By Costas Pitas
LONDON (Reuters) - Three men who worked as interpreters for British forces in Afghanistan began a legal challenge on Friday to win the right to live in Britain, arguing they are at risk of Taliban reprisals as the soldiers they helped prepare to return home.
They are challenging the British government's decision to refuse them the support offered to interpreters in Iraq, who were offered the right to indefinite leave to enter or settle in Britain or instead a compensation package.
The outcome of the case could affect the fate of about 500 other Afghan interpreters who have worked for British forces.
Britain's 9,000 combat troops in Afghanistan are due to leave the country by the end of 2014, with nearly half of them expected to pull out this year, ending a war that has lasted over a decade and cost the lives of nearly 450 British troops.
The three Afghans say that despite being resettled several times within Afghanistan, they have still been tracked down by the Taliban, who were toppled by the U.S.-led invasion in 2001.
The say their lives are at risk, as well as the lives of their friends and families.
British Prime Minister David Cameron wants to offer interpreters who worked for British forces support to stay in Afghanistan and has said officials are drawing up an offer to encourage them to stay and help rebuild the country.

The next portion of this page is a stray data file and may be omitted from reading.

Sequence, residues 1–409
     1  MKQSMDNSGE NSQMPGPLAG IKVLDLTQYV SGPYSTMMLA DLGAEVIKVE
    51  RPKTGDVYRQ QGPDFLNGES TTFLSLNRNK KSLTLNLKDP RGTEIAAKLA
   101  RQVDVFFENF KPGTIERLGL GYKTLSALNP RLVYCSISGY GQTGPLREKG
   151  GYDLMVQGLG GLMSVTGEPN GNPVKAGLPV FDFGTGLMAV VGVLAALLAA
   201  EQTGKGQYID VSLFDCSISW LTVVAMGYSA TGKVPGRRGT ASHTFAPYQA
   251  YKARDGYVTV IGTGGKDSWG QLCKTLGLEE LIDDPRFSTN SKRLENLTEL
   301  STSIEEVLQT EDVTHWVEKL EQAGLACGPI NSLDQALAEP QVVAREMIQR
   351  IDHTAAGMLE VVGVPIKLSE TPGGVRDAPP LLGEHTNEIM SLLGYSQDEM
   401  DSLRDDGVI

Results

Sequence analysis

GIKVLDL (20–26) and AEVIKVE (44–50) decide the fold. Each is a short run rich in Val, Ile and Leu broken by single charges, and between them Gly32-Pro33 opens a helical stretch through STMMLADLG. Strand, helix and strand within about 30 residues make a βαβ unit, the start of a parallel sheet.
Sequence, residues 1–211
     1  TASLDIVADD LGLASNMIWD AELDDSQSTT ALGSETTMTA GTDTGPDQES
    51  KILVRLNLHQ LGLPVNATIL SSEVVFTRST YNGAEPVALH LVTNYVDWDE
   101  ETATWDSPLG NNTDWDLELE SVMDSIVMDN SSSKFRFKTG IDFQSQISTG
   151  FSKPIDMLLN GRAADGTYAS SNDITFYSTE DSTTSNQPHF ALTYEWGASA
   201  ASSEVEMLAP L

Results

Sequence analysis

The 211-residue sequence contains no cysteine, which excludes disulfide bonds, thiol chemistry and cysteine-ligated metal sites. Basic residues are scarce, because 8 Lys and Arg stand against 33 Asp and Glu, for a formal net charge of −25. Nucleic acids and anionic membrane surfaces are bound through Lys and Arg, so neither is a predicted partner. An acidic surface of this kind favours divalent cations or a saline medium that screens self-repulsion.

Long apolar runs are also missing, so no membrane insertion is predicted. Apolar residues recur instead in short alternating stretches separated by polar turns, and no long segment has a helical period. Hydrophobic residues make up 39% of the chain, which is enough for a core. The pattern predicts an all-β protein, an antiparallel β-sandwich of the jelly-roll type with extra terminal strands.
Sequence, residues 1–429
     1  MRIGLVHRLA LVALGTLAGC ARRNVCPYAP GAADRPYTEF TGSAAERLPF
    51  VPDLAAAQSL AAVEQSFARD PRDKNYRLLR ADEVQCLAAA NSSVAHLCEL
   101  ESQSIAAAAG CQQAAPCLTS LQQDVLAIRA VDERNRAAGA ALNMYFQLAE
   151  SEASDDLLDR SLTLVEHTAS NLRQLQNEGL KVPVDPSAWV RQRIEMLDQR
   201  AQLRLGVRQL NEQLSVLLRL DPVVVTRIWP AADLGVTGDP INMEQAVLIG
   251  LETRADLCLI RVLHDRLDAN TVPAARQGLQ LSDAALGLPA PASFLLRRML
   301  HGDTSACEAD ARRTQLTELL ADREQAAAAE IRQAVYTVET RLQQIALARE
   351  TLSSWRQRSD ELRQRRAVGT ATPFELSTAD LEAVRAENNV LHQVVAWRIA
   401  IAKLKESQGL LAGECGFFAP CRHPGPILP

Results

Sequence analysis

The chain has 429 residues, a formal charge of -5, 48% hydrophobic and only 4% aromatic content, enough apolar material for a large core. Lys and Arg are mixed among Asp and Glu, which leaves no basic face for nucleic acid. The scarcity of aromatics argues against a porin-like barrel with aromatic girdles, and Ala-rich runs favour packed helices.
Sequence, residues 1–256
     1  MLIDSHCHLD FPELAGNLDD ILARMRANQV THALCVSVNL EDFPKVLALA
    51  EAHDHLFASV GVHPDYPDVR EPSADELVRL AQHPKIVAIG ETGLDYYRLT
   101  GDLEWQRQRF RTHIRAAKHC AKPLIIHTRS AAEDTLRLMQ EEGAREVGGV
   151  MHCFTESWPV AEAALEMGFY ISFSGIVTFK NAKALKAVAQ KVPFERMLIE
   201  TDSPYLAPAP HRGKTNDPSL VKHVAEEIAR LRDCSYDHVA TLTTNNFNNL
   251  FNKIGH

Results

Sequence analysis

A petition of nearly 80,000 signatures was handed into Britain's Foreign Office on Friday calling for Afghan interpreters to be offered asylum.
Supporters include former Liberal Democrats party leader and ex-Royal Marine Paddy Ashdown. "We leave Afghanistan having paid a terrible price. We should not add dishonor to it," Ashdown told Reuters.
"It would be act of dishonor for us to leave Afghanistan without ensuring that they have at very least a choice between a large sum of money ... or the chance to make sure that they and their families are not killed when we leave."
The three interpreters have issued a claim at the High Court in London challenging the government's decision not to treat them in the same way as Iraqi interpreters.
The government has three weeks to decide whether to agree to the interpreters' demand or dispute it. If it disputes it, the court would decide whether to review the government's policy.
(Reporting By Costas Pitas; Editing by Pravin Char)